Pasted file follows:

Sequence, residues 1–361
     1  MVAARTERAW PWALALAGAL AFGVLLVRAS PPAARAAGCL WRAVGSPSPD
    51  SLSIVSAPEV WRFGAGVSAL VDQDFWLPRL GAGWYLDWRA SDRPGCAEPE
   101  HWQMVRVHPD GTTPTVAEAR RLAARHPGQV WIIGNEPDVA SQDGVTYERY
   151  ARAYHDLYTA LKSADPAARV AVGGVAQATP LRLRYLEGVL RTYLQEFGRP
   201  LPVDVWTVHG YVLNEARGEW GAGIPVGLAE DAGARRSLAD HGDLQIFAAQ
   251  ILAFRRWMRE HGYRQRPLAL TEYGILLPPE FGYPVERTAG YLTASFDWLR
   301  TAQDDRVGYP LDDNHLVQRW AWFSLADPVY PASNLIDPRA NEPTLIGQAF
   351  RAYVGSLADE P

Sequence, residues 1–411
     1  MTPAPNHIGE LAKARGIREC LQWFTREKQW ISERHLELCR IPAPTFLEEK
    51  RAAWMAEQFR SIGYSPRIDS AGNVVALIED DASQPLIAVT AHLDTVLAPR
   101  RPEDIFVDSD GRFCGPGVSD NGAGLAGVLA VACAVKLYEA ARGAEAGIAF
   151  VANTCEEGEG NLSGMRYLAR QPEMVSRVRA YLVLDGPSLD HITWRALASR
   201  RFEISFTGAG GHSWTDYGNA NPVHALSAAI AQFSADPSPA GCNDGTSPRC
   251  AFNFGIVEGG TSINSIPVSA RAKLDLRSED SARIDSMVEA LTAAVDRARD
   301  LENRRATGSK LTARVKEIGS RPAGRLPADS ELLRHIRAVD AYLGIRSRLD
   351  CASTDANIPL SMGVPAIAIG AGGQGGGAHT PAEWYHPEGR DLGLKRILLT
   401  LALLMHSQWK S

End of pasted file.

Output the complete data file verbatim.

Sequence, residues 1–361
     1  MVAARTERAW PWALALAGAL AFGVLLVRAS PPAARAAGCL WRAVGSPSPD
    51  SLSIVSAPEV WRFGAGVSAL VDQDFWLPRL GAGWYLDWRA SDRPGCAEPE
   101  HWQMVRVHPD GTTPTVAEAR RLAARHPGQV WIIGNEPDVA SQDGVTYERY
   151  ARAYHDLYTA LKSADPAARV AVGGVAQATP LRLRYLEGVL RTYLQEFGRP
   201  LPVDVWTVHG YVLNEARGEW GAGIPVGLAE DAGARRSLAD HGDLQIFAAQ
   251  ILAFRRWMRE HGYRQRPLAL TEYGILLPPE FGYPVERTAG YLTASFDWLR
   301  TAQDDRVGYP LDDNHLVQRW AWFSLADPVY PASNLIDPRA NEPTLIGQAF
   351  RAYVGSLADE P

Sequence, residues 1–411
     1  MTPAPNHIGE LAKARGIREC LQWFTREKQW ISERHLELCR IPAPTFLEEK
    51  RAAWMAEQFR SIGYSPRIDS AGNVVALIED DASQPLIAVT AHLDTVLAPR
   101  RPEDIFVDSD GRFCGPGVSD NGAGLAGVLA VACAVKLYEA ARGAEAGIAF
   151  VANTCEEGEG NLSGMRYLAR QPEMVSRVRA YLVLDGPSLD HITWRALASR
   201  RFEISFTGAG GHSWTDYGNA NPVHALSAAI AQFSADPSPA GCNDGTSPRC
   251  AFNFGIVEGG TSINSIPVSA RAKLDLRSED SARIDSMVEA LTAAVDRARD
   301  LENRRATGSK LTARVKEIGS RPAGRLPADS ELLRHIRAVD AYLGIRSRLD
   351  CASTDANIPL SMGVPAIAIG AGGQGGGAHT PAEWYHPEGR DLGLKRILLT
   401  LALLMHSQWK S